Definition of inquest in English:
- The costs could continue to rise as the Ministry of Defence is considering applying for a judicial review of the inquest.
- When being questioned in the inquest to this last incident, he is said to have given what I consider to be his most infamous saying yet.
- In her opinion the incidents described at the inquest were not necessarily related to the school, but had links with the local community.
English words that come from Latin inquirere ‘to ask for information’ often have spellings with either en- or in-, with en- representing the older form acquired through French and in- a return to the Latin root. This is the case, for instance, with enquire (Middle English) or inquire (Late Middle English), enquiry (Late Middle English) or inquiry (mid 16th century), and used to apply to inquest, although the spelling enquest has not been used since the 18th century. In Britain an inquest is now usually an inquiry by a coroner's court into the cause of a death; formerly it could be any official inquiry into a matter of public interest.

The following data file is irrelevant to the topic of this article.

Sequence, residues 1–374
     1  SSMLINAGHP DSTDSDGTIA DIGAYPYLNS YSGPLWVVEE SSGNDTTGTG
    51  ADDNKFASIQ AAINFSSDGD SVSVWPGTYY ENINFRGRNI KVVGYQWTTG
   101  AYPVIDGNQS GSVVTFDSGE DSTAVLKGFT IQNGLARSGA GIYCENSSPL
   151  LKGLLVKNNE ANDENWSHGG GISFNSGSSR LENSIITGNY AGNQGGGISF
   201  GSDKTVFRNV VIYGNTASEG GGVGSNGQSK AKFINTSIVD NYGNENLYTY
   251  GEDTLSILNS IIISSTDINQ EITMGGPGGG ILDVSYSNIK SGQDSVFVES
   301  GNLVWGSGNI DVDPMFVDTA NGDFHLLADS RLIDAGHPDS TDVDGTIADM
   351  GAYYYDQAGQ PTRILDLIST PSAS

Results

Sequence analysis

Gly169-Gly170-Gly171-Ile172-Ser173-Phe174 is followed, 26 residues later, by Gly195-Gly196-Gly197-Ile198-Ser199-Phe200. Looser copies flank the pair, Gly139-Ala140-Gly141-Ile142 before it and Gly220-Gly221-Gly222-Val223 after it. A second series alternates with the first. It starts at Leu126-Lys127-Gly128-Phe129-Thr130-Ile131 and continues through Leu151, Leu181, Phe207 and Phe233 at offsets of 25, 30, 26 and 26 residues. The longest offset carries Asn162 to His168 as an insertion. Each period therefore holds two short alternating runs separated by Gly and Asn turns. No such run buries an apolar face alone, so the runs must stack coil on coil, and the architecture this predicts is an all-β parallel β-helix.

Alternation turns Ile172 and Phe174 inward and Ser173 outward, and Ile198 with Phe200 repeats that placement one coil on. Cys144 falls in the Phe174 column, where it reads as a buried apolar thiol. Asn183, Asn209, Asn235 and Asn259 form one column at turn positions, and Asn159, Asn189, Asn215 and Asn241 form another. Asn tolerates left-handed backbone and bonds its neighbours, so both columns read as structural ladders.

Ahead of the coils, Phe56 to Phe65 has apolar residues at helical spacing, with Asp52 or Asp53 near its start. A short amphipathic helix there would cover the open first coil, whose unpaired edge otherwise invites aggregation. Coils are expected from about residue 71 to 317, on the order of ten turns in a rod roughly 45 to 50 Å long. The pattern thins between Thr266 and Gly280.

Another word from Latin inquirere is inquisition (Late Middle English). In the mid 13th century Pope Gregory IX established a tribunal for the suppression of heresy. This was the first Inquisition, which was active chiefly in northern Italy and southern France, and became notorious for the use of torture. In 1478 the Spanish Inquisition began to target converts from Judaism and Islam, later extending its reach to Protestants. It operated with great severity and was not suppressed until the early 19th century. Mention the word to many people, and they will immediately cry, ‘No one expects the Spanish Inquisition!’ The classic Monty Python sketch featured Michael Palin as Cardinal Ximinez, who appears suddenly with two junior cardinals when anyone innocently says, ‘I didn't expect a kind of Spanish Inquisition’.
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